Mechanism of inactivation

Having previously identified the neck as the Ca2+ responsive gate in the activation process (Vaisey et al., 2016), Vaisey and Long (2018) turn their attention in the present work to another calcium-dependent phenomenon, rundown. Although nanomolar concentrations of Ca2+ are required for channel activation, micromolar Ca2+ causes the currents to decrease substantially over time, and faster rundown kinetics occur with increasing concentrations of Ca2+. Working in their minimalist bilayer system, Vaisey and Long (2018) unambiguously identified rundown as an intrinsic property of the channel, and thus a molecular process—inactivation—ripe to be understood with additional mechanistic experiments.

Tipped off by the experiments performed in the Hartzell laboratory a decade prior (Xiao et al., 2008), the authors focused their attention on the C-terminal tail that wraps around the body of the channel, binding at a receptor site in an adjacent subunit (Fig. 1). Using the crystal structure to guide mutagenesis, the authors show that by altering important contacts between the tail and the receptor site in the main channel body (or by chopping the tail off altogether), inactivation can be mitigated without altering ion selectivity or Ca2+-dependent activation.

Binding of the tail is dynamic; it is protected from proteolysis in the presence of high Ca2+ (conditions that correspond to inactivation), but easily cleaved by proteases when Ca2+ is chelated. The tail is similarly dislodged and made susceptible to proteolysis by a point mutation in the tail, S358E. The present experiments reveal that this mutation to a negatively charged sidechain prevents inactivation (Vaisey and Long, 2018), reminiscent of an electrostatically homologous phosphorylation event at that same position that prevents current rundown of human BEST1 currents in cells (Xiao et al., 2009). From these experiments, Vaisey and Long (2018) propose that inactivation occurs when this C-terminal peptide binds to its receptor site. When mutation, phosphorylation, or low Ca2+ concentrations prevent binding and free the tail, the channels are able to open and conduct anions (Vaisey and Long, 2018).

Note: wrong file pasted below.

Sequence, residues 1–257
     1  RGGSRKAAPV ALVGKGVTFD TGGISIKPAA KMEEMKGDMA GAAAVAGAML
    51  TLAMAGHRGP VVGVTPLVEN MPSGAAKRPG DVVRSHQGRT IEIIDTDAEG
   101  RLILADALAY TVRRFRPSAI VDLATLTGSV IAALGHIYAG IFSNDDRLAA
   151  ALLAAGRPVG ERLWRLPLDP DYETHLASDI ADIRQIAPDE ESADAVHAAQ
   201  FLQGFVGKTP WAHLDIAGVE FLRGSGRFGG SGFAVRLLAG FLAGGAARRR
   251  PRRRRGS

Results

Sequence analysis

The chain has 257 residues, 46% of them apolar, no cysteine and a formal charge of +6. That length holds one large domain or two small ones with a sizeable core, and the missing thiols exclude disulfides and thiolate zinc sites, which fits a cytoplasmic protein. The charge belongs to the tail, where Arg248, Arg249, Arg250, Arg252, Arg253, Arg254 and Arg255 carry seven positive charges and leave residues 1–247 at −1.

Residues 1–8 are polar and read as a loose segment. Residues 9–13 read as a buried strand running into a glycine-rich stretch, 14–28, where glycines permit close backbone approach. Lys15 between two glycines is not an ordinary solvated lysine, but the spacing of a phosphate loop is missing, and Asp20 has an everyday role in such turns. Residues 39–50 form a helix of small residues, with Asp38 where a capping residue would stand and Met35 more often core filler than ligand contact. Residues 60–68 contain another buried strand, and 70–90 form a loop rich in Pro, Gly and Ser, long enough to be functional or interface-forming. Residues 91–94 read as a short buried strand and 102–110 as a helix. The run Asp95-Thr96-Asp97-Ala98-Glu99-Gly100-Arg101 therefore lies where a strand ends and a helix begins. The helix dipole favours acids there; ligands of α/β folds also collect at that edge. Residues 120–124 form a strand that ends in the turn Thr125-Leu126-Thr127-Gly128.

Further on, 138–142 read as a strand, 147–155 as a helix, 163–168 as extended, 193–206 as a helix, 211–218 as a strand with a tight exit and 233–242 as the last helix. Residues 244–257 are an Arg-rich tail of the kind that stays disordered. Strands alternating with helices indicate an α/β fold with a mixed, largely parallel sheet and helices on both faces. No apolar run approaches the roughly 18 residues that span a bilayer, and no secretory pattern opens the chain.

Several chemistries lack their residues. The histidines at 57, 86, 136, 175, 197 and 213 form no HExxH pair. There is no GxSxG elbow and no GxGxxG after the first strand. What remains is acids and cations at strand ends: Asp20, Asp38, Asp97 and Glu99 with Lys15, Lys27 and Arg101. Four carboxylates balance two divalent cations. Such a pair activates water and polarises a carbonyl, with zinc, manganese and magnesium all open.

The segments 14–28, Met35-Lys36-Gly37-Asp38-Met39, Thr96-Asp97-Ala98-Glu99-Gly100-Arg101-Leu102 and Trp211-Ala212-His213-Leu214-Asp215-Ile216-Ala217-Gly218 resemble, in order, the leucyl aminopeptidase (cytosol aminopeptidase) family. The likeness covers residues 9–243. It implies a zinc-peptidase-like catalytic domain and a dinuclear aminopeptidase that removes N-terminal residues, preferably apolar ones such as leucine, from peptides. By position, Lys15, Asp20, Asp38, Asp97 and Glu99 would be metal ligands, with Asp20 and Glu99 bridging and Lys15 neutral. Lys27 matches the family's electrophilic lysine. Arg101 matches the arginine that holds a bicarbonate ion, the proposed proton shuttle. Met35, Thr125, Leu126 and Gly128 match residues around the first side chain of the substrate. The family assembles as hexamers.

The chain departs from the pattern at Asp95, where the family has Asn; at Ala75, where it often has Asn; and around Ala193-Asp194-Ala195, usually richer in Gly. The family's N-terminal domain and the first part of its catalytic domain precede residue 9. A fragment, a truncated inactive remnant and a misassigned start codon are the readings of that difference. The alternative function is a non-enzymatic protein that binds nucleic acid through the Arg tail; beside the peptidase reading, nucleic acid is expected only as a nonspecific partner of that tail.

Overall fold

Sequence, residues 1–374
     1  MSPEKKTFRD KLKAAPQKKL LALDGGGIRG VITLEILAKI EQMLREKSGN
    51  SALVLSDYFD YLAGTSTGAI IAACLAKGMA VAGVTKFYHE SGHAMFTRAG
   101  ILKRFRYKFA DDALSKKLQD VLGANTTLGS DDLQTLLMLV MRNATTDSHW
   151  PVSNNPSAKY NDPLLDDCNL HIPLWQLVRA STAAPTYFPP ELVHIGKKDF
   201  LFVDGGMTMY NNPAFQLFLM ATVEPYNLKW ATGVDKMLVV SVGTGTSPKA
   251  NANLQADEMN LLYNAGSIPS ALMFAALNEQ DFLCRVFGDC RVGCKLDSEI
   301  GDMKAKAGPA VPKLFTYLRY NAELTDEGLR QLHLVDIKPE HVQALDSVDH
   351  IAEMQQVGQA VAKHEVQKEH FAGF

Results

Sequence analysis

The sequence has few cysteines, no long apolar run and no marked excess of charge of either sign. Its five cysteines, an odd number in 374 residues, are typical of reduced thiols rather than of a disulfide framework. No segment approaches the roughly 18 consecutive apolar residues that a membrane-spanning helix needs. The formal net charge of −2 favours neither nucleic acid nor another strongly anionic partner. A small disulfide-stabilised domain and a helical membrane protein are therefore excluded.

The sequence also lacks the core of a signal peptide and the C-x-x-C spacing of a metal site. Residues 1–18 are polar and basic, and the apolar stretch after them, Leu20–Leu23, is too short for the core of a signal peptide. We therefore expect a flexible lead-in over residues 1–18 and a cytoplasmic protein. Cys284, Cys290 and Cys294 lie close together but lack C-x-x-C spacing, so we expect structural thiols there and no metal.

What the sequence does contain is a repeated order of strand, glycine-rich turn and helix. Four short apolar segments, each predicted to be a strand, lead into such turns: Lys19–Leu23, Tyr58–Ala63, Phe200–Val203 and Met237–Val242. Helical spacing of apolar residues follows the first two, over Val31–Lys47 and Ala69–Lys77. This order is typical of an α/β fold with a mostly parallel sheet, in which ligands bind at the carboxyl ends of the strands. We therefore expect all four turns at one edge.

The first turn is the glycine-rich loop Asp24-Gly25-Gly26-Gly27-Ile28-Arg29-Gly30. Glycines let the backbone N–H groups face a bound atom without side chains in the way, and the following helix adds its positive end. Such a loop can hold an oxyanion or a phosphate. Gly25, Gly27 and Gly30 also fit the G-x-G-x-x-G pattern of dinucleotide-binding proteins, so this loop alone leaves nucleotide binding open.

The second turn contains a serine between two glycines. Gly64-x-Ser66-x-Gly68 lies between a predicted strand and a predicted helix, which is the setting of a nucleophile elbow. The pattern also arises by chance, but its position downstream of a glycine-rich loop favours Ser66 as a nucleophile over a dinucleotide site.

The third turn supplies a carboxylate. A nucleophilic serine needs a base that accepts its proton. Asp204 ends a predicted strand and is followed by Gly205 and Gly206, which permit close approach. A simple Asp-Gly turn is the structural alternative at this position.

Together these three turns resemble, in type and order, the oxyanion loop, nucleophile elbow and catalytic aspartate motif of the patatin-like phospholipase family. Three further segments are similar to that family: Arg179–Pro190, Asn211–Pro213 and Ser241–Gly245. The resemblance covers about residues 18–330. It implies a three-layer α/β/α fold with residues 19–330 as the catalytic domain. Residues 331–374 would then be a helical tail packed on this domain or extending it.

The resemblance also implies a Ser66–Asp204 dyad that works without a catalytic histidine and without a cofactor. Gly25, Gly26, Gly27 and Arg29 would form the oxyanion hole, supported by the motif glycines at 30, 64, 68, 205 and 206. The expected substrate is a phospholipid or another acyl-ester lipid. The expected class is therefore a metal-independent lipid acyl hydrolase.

Channel inactivation by a terminal peptide is a familiar phenomenon in ion channel circles. Classical “ball-and-chain” inactivation of voltage-gated Na+ and K+ channels was first proposed in the 1970s by Clay Armstrong (Armstrong and Bezanilla, 1977), and over the years, the molecular mechanisms of inactivation have been elucidated in atomic detail. For the voltage-gated potassium channels, the cumulative work by some of the luminaries of ion channel structure and function has shown that an N-terminal appendage enters a binding site within the inner vestibule, physically occluding the pore (Hoshi et al., 1990; Zagotta et al., 1990; Choi et al., 1991; Zhou et al., 2001; Gonzalez et al., 2011). In the case of voltage-gated Na+ channels, a brand new structure of Nav1.4 from Nieng Yan’s laboratory suggests a different mechanism of inactivation. In that case, the N-terminal inactivation peptide is bound in a pocket peripheral to the pore, suggesting that it exerts an allosteric influence on the intracellular gate (Pan et al., 2018). In a similar manner, Vaisey and Long argue that, in bestrophin, C-terminal peptide binding and inactivation are allosterically linked but that this allosteric signal is transmitted over an even longer distance. They show that the hydrophobic constriction at the neck, previously implicated in Ca2+-dependent channel activation (Vaisey et al., 2016), is also responsible for inactivation, because the same triple alanine mutation abolishes both processes. The tail binds at a site that is a whopping 30 Å from the neck (Fig. 1), demanding long-range allosteric communication between these two regions of the channel. Though activation and inactivation share a gate and a dependence on Ca2+, Vaisey and Long (2018) propose that the Ca2+ binding sites differ between the activation and inactivation processes.